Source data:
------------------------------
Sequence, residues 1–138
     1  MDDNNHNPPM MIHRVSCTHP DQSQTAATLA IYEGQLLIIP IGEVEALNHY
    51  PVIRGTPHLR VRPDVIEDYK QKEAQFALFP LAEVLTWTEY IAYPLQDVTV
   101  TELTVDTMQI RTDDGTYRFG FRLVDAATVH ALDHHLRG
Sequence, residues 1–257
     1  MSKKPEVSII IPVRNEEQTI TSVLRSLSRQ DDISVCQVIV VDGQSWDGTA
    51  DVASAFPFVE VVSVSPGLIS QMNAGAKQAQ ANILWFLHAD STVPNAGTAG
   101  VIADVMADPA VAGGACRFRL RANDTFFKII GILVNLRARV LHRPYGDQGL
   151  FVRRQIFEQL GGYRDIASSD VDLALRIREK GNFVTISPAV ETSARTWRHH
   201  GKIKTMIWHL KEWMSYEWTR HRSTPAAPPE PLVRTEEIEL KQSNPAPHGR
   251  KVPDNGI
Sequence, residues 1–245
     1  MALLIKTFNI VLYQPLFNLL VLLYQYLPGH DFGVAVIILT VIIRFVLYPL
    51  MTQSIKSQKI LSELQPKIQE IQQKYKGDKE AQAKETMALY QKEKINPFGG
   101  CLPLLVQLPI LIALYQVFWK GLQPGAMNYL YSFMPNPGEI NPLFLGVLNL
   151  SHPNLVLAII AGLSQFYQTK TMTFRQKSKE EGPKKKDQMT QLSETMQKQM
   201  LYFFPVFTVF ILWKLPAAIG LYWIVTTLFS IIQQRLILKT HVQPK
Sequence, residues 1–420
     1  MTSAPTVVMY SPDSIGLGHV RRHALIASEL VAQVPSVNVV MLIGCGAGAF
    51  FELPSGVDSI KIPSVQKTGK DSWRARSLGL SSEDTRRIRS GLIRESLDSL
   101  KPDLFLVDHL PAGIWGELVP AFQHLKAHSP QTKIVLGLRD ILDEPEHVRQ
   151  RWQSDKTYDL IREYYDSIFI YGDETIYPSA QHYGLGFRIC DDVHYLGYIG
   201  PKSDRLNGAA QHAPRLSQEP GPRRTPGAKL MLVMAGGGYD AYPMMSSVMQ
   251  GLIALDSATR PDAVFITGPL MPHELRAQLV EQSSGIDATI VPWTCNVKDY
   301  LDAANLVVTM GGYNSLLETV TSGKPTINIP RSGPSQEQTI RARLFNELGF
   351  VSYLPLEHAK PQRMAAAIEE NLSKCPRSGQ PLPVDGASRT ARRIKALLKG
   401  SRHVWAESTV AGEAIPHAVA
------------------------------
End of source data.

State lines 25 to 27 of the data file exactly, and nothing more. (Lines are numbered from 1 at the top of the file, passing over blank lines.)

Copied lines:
   301  LDAANLVVTM GGYNSLLETV TSGKPTINIP RSGPSQEQTI RARLFNELGF
   351  VSYLPLEHAK PQRMAAAIEE NLSKCPRSGQ PLPVDGASRT ARRIKALLKG
   401  SRHVWAESTV AGEAIPHAVA